“Our design proposal aims to recognize and celebrate the heritage fabric of the remaining structures whilst inserting a series of new volumes to create a composition which is balanced and suited to the needs of a contemporary hospitality venue.”
Hunt Architects acknowledge the Australian Aboriginal and Torres Strait Islander peoples as the Traditional Custodians of the lands on which we live and conduct our business.
We pay our respects to Elders past and present. We value their continuing culture and contribution to the life of our nation, regions and cities.
New Life for Pinjarra’s Exchange Hotel
The rejuvenation of the Exchange Hotel is poised to invigorate Pinjarra and position it as a regional icon.
The Exchange Hotel in Pinjarra is on the brink of a major transformation. The historic property, originally the home of the Bedingfeld family constructed in 1866, was converted to a pub in 1871 and named the Exchange Hotel, on account of a land and property exchange between Dr. Bedingfeld and Mr. James Greenacre. The Exchange Hotel was rumoured to be the oldest continuously operating pub in Western Australia when it closed its doors in 2008.
It is located on the picturesque banks of the Bilya Maadjit (Murray River) on the traditional lands of the Binjareb people of the Noongar Nation. We acknowledge their continuing connection to this place and pay our respects to the elders, past and present and their ongoing contribution to the culture and life of this region. This exciting new hospitality venue is due to open its doors in 2024.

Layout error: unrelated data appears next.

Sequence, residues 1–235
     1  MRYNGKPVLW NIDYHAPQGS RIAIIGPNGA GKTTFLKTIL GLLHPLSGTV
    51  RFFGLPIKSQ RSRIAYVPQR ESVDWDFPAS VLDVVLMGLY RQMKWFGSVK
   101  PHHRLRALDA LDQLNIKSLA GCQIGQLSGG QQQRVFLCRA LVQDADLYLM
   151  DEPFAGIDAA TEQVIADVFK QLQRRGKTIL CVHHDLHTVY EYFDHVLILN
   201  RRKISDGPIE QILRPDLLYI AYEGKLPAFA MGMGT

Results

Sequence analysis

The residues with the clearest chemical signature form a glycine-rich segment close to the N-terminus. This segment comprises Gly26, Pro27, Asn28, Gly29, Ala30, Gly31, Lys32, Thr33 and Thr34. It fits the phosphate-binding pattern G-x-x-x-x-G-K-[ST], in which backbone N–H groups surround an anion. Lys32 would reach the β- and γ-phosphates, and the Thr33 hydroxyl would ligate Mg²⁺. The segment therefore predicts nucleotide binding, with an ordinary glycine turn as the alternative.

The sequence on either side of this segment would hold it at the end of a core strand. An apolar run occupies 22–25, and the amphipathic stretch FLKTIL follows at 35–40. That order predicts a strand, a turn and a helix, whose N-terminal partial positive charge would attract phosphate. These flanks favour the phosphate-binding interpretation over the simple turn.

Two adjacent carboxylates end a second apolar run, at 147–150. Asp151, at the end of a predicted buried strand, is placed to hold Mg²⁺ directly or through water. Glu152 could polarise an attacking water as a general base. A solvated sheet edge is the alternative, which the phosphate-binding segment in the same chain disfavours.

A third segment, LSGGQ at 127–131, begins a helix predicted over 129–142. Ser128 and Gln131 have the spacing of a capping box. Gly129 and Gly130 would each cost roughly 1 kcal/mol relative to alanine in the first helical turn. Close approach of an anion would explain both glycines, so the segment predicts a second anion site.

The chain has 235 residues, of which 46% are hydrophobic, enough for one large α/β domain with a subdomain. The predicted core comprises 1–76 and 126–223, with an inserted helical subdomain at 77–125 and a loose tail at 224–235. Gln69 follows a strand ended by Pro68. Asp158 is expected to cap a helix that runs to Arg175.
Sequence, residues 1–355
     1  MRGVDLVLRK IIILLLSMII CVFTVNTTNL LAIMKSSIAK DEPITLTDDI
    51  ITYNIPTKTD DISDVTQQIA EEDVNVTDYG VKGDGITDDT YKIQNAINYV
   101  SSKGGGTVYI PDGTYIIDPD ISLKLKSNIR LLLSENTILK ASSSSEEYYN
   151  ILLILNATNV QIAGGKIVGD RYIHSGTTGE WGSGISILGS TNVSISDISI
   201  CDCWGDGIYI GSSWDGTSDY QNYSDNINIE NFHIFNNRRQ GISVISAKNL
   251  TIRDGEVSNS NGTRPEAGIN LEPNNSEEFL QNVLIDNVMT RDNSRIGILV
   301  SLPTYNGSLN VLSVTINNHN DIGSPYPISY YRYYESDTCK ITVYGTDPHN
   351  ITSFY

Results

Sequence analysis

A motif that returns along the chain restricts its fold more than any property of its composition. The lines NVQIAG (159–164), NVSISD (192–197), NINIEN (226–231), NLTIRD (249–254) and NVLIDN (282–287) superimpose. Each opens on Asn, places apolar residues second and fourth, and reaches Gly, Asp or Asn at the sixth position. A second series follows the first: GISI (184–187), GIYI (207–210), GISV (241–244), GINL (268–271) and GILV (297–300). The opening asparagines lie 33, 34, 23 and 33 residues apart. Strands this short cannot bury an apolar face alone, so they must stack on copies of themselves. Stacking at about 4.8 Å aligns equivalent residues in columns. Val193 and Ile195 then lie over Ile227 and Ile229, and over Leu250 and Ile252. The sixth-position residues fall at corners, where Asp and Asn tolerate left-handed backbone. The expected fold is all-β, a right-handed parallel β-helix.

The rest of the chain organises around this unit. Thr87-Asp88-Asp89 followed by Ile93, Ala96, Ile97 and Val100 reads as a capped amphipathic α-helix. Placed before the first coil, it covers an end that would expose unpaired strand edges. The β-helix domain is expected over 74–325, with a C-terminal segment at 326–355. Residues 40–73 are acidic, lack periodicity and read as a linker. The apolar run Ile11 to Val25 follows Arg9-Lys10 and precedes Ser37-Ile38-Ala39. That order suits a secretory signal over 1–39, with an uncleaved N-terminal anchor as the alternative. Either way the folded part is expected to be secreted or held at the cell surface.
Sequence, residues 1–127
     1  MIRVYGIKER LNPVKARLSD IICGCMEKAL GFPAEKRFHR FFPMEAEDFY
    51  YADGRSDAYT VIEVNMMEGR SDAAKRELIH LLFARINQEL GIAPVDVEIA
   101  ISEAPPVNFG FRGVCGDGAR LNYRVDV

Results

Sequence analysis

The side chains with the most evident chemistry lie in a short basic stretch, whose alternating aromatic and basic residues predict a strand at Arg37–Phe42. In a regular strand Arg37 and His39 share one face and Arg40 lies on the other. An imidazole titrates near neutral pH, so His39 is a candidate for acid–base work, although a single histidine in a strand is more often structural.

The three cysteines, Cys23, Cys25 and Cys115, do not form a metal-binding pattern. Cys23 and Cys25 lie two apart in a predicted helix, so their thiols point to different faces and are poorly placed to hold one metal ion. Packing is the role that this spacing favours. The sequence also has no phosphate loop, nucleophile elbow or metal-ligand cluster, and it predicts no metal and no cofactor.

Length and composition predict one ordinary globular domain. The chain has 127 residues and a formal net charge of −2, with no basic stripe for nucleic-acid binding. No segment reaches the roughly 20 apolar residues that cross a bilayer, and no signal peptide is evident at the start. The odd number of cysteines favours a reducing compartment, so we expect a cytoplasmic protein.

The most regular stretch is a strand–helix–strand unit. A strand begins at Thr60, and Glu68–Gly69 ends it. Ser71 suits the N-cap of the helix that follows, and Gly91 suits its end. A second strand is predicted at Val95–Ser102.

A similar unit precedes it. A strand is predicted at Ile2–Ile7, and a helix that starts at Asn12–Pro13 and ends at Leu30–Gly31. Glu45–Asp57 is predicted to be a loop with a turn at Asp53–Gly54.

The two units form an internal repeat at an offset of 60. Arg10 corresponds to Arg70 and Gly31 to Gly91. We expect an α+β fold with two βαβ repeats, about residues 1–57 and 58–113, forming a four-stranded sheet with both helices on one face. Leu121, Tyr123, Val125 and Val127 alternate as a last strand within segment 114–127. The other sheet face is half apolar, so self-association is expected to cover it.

The design of the new structures are lightweight and transparent to contrast with the mass and solidity of the existing brick heritage structures, creating a composition of solids and voids interwoven with bars, dining spaces, function rooms and a new kitchen.
The venue will have a capacity of 600 people spread across the internal and external spaces. The design has carefully planned the spaces to connect with a series of external courtyards and gardens enriching the connection to place and blurring the boundaries between inside and out.
Peeling back layers and finishes to reveal the past. Paying homage to its past, the interiors draws distinction between old and new whilst creating a seamless sequence of spaces both large and intimate.
Tuned to their specific context, each having a distinctive character, from the urban cloistered courtyard of the George Street arrival to the cascading landscape terraced gardens leading to the Bilya Maadjit (Murray River).